Edinburgh Zoo is a world-renowned family attraction, conservation and breeding centre. The penguin is the emblem of Edinburgh Zoo because it was the world’s first zoo to house and breed them.
Edinburgh Zoo is the most extensive and exciting wildlife attraction in Scotland, located on a hillside in 82 acres of parkland on the outskirts of the capital offering extensive views of the city. A day out at Edinburgh Zoo offers guests a fascinating and fun insight into one of Europe’s premier centres of animal conservation, education and research.
Attractions at Edinburgh Zoo
Founded on Corstorphine Hill in 1913, Edinburgh Zoo welcomes over 650,000 visitors a year. As well as the breeding of endangered species, the enticing family attraction where penguins first went on show in January 1914 has a wide range of animals for you to discover.
Penguins at Edinburgh Zoo
Edinburgh Zoo became the world’s first zoo to house and breed penguins after Christian Salvesen’s whaling expedition docked in Leith in January 1913 with three king penguins. They subsequently had the first successful hatching of a king penguin chick in 1919. These were the first penguins ever to be seen anywhere outside of the South Atlantic, and Edinburgh Zoo has pioneered the care and science of penguins ever since. This is why the king penguin is featured on the zoos logo.
There are two giant pandas at Edinburgh Zoo, Yang Guang and Tian Tian.
Yang Guang is a male panda whose name means Sunshine in Mandarin and Tian Tian is a female panda whose name means Sweetie. Both pandas were born in August 2003 and turned 18 years old in 2021. These two are the only giant pandas in the UK and arrived at Edinburgh Zoo in 2011 as part of a 10-year agreement that includes donations from the zoos charity to support giant panda conservation, welfare and research in China.
Don’t miss the titi monkeys, gelada baboons and the star-turn of the primate section, a large group of inquisitive and playful Chimpanzees, who regularly entertain their human cousins, especially at feeding time. Their antics amid the climbing frames and vegetation are just the ticket for a fun family day out.
Edinburgh Zoo has a rich horticultural heritage. Before its inception in 1913, the site was a nursery, once owned by Thomas Blaikie, who planted many of the great French parks such as ‘La Bagatelle’. It was on this site that two nurserymen raised the famous apple cultivars ‘John Downie’ and ‘James Grieve’.
Edinburgh Zoo inherited one of the most diverse tree collections in the Lothians with some 120 species. The unique south-facing aspect offers a micro-climate that allows bananas to grow, although they do get wrapped up in winter. Increasingly, Zoo horticulture is seen as a discipline in its own right, with the focus on habitat creation within enclosures, foodstuffs for the animals, and enrichment for both the animals and the visiting public. The gardens team aims to provide interesting displays throughout the year, from summer tubs with Regal and scented pelargoniums to winter displays of alpines.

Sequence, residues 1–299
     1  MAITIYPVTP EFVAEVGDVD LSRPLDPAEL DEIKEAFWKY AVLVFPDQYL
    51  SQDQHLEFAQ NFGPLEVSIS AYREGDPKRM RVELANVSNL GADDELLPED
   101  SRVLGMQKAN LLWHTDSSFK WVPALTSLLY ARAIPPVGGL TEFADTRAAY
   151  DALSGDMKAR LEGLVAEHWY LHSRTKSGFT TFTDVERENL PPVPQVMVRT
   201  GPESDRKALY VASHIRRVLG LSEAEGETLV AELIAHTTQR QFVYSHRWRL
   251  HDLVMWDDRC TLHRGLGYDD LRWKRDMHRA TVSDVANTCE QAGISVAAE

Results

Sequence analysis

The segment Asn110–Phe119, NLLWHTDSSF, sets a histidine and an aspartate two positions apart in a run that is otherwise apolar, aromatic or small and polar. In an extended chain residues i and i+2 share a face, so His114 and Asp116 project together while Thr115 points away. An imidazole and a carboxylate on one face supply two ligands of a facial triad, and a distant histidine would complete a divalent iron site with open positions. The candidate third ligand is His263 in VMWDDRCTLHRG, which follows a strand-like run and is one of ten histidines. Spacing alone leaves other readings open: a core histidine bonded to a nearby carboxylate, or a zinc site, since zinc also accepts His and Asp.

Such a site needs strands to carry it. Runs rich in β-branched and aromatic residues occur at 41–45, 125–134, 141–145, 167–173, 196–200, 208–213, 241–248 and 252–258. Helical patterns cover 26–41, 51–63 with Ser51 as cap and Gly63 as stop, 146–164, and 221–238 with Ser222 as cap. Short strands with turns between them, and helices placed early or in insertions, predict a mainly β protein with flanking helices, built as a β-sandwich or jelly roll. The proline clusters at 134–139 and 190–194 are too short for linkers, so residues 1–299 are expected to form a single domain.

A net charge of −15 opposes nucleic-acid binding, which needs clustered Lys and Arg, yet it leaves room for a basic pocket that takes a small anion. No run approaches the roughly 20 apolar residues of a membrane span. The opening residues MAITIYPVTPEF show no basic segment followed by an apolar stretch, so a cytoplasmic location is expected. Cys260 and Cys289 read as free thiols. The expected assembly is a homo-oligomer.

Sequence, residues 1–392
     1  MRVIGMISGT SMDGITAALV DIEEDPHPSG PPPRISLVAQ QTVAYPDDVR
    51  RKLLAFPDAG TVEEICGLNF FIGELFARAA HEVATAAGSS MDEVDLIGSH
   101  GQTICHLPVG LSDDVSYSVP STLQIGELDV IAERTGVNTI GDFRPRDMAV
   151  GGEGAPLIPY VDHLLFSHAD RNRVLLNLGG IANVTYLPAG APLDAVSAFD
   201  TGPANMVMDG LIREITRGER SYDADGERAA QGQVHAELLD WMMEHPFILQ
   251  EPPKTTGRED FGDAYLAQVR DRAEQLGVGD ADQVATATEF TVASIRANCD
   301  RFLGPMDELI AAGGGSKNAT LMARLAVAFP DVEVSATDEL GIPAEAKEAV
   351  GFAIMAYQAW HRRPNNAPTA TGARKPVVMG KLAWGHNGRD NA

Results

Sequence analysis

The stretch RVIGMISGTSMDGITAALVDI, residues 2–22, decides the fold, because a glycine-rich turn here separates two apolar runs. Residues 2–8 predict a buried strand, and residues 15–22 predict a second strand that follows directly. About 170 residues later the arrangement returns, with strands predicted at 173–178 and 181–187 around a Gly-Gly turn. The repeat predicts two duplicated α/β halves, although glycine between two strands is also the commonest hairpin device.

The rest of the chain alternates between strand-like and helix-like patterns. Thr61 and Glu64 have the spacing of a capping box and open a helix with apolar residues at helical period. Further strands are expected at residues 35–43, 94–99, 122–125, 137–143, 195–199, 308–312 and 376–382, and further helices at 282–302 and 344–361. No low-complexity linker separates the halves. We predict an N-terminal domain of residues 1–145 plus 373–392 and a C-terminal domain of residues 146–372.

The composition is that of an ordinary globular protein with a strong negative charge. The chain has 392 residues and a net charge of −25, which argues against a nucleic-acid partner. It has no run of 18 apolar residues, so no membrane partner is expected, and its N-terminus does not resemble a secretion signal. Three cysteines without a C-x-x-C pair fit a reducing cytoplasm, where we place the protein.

Admission Prices and Offers
You can purchase tickets in advance from the official website and also keep an eye on our offers page for great savings on Edinburgh Zoo Tickets.
Travelling to Edinburgh Zoo
Edinburgh Zoo is situated three miles to the west of Edinburgh city centre on the south-facing slopes of Corstorphine Hill, from which it provides extensive views of the city. The zoo has its own on-site car park and there are also parking spaces within the vicinity of the zoo but please note these spaces are limited due to the residential nature of the zoo’s location.
Travelling by Train
If you are travelling by train, there are two stations in the city centre, Edinburgh Waverley Station and Edinburgh Haymarket Station. Train timetables and ticket information are available from the ScotRail website. From Waverley and Haymarket stations, it is a short bus ride to Edinburgh Zoo.
Alternatively, if you are coming from further afield please see the National Rail website for timetables and ticket information.
Search for your train tickets using Raileasy.
Travelling by Bus
Edinburgh Zoo can be easily accessed via public transport with high-frequency bus services from Edinburgh city centre. The 100 Airlink Service also stops regularly outside the front entrance and operates between Edinburgh Airport and the city centre.
Attractions Near Me Offers
Sorry, no records were found. Please adjust your search criteria and try again.
Sorry, unable to load the Maps API.